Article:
I’d be quite surprised if anyone employed for any amount of cash a week, but especially a footballers wages, wouldn’t be, by default, complimentary not just of his club, but of the fans the city and everything else which is important to make him feel at home. To accuse someone of being some sort of Judas because they said things about their new club which were highly contradictory of similar things they said at their previous club stirs emotions of those who feel betrayed by the statement but is the way of things with any sports team. Respect and perhaps adoration by association and emotion. The selling of club shirts by the truckload and the imagery dollars are paramount in the modern game which has been, for some time, nothing less than a money go round.
Tremendous people us Liverpool fans, quick to humour, but many also apparently quick to despair and dare I say it bile. For while it has been obvious for the best part of 7 months that Fernando Torres has been elsewhere in mind, though quite unlike Xabi Alonso while he was playing out time not often with us in spirit, many of my fellow Reds have behaved these last few days as if the contracted words of an employed man have any real meaning in this new corporate football we enjoy.
Fernando Torres, like many others before him, is quite possibly forging a career substantially shorter than some might expect, and therefore, just like any other “worker” entitled to choose with care where they take their talents and if they choose money over success or comfortable and well loved surrounds. And while I’m disappointed by his departure, I’d prefer to remember his successes while at Liverpool than resent his career choices.
Everyone has different desires, and everyone has constraints. Now far be it from me to compare a Footballer earning £175,000 per week (plus sponsorships etc.) with someone earning AU$1000 a week or less, but the facts remain the same. If someone gets offered more money, better working conditions or the expectation of success – whatever that looks like in your profession, there would have to exist a substantial local pull factor to turn it down.
So, as I explain above, one side of me is rational and philosophical about Torres leaving Liverpool Football Club, the other feels the same sort of disgust as has been shared over his move to “Chelski” by others. But I’ve been working for too long in too many different industries for the best part of 20 years, been both managed and a manager in that time and discovered it is best to be a realist about your expectations on both sides.
In the end, except when he is playing against Liverpool I’ll pretty much ignore Torres now. Just as I ignore most other players who play for a club I find the worst kind of nouveau-riche and worry about my own club. Liverpool, through their disposal of the Torres gotten gains have used a “better Andy Carroll in the hand than £35 MILLION pounds in the bush” analogy to either gain two young kids with potentially bright futures ahead of them or to recklessly spend the gains from a proven star in envious mimicry of the “whatever it takes” behaviour which Chelsea first brought to the transfer market and which has been sadly followed by Manchester City in recent years.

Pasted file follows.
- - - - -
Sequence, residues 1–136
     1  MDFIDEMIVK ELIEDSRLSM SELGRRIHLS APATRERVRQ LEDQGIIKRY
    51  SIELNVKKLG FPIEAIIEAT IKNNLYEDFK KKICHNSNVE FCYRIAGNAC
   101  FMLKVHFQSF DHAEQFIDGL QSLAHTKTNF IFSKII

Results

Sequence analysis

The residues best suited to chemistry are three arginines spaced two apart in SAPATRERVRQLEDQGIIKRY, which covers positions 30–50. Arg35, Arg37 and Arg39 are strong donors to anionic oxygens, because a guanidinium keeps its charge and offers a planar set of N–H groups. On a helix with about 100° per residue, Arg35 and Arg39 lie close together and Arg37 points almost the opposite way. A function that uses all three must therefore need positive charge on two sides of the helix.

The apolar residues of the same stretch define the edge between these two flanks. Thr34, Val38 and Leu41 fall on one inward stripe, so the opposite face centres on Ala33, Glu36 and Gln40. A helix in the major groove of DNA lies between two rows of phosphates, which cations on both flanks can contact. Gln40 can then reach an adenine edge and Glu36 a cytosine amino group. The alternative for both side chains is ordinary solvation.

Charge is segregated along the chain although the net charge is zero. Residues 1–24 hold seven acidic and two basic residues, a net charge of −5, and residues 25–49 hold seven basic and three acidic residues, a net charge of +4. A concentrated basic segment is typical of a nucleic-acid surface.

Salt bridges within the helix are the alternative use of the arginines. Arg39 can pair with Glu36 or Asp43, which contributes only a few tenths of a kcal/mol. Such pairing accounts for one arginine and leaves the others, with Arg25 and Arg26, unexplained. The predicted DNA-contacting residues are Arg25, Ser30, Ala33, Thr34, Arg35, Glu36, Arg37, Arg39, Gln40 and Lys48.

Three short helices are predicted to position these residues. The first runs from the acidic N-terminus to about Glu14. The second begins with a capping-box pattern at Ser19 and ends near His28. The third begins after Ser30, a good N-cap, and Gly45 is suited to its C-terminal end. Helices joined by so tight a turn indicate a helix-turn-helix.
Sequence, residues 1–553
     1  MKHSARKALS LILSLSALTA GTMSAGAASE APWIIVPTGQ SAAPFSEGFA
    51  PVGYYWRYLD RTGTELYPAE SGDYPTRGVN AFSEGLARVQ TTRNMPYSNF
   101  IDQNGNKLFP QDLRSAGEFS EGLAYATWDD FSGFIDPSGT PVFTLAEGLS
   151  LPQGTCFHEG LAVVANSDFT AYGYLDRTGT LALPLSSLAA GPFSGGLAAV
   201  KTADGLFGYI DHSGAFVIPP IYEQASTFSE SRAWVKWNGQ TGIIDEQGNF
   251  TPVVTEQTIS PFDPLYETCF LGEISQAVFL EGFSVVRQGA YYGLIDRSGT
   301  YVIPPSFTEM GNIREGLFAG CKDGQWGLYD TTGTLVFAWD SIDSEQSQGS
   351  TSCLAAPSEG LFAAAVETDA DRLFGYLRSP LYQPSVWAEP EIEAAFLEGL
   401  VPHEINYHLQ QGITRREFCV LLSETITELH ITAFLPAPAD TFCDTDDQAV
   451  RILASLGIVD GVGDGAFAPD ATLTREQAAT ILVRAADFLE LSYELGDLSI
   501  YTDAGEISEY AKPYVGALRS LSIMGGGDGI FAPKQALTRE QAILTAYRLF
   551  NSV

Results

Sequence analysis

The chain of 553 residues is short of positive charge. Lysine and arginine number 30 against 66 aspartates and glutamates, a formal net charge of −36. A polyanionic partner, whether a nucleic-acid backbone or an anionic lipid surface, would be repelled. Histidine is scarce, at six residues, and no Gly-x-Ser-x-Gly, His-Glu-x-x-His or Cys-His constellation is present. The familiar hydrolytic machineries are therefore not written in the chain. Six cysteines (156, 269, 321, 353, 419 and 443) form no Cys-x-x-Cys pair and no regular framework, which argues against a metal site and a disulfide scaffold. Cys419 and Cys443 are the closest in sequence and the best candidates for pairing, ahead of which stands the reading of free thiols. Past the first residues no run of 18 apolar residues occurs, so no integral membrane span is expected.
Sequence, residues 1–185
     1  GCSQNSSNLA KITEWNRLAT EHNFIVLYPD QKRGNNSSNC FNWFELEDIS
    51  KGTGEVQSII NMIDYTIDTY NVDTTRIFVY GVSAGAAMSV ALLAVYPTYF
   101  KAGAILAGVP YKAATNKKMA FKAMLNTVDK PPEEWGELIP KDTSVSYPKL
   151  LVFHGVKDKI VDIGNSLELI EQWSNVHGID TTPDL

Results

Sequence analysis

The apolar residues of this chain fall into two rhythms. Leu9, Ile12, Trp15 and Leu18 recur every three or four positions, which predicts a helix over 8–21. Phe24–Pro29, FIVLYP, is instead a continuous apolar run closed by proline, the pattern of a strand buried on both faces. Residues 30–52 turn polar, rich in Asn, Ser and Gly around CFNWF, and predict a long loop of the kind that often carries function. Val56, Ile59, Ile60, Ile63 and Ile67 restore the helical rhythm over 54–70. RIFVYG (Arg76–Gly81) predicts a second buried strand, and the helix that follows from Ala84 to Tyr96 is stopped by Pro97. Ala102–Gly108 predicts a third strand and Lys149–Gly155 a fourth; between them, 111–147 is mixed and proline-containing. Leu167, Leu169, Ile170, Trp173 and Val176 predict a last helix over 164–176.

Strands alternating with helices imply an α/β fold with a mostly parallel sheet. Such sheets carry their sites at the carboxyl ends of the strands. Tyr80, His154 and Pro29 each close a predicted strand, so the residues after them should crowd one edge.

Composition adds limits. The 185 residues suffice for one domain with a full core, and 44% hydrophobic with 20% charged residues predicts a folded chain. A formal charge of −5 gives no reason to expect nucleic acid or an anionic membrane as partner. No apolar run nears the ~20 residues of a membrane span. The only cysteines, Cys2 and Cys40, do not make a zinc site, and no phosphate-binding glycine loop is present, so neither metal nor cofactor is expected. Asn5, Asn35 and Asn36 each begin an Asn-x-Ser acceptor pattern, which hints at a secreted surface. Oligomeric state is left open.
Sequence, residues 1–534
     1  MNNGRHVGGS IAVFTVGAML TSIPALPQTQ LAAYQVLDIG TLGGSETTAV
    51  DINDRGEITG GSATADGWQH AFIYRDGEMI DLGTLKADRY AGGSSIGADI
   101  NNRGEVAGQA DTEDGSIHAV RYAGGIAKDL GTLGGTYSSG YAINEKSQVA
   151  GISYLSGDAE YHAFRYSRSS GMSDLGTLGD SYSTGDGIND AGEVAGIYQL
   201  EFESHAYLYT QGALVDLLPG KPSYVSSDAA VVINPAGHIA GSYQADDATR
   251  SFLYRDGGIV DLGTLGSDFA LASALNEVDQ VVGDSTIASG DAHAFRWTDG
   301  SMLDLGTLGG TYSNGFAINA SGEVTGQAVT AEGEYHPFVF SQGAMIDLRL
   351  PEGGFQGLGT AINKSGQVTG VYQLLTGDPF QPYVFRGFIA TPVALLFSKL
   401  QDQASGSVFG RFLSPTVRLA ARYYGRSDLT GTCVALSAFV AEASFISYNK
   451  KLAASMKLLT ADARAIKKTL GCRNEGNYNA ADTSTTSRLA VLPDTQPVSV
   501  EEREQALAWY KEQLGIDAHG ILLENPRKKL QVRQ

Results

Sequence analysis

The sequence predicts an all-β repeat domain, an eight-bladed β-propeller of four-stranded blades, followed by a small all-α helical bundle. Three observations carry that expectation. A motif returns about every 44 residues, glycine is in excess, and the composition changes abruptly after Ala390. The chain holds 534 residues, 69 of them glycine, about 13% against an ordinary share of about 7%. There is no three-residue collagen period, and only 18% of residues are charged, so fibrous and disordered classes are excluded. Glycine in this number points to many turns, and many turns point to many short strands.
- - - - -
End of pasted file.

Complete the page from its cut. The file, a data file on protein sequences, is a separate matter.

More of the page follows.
I would prefer to be optimistic and hope that as Paul Hayward wrote in the Guardian
the Carroll fee is misleading in the sense that Liverpool were suddenly cash rich and time poor
The fact Liverpool now have 22 and 24 year old international footballers for the same price as Torres and Babel were sold for is important, because it is also likely that between them they are also on lower wages than the two departed were. In effect cash flow positive for Liverpool despite the excessive amounts invested in Carroll.
So who has taken the risk here? Liverpool getting 2 players some years younger, one of whom is already well proven, for the price of one? Or Chelsea, five years after they first tried to sign him, getting an admittedly still relatively young player but who has already played senior football for 10 years and his been injured for most of the past 18 months?
To three years later make a £25-30 Million profit on an investment like Torres seems, in business terms, to have been a stunning investment by Liverpool in 2007. And while the investment almost paid off in 2009, just falling short in the race to the English Premier League, the facts are he has failed to regularly – admittedly often due to injury – reproduce his 2009 form since. One has to imagine that Fenway Sports Group in backing these transfers have assessed the merits of both and decided the upfront “capital” investment in these two players is, as a percentage of overall costs and revenues, low risk – similar to the one taken by the disdained Hicks and Gillett three and a half years ago with Torres.
Time will tell but I know who I’ll be rooting for when the new breed for both clubs come face to face next Monday morning Australian Time.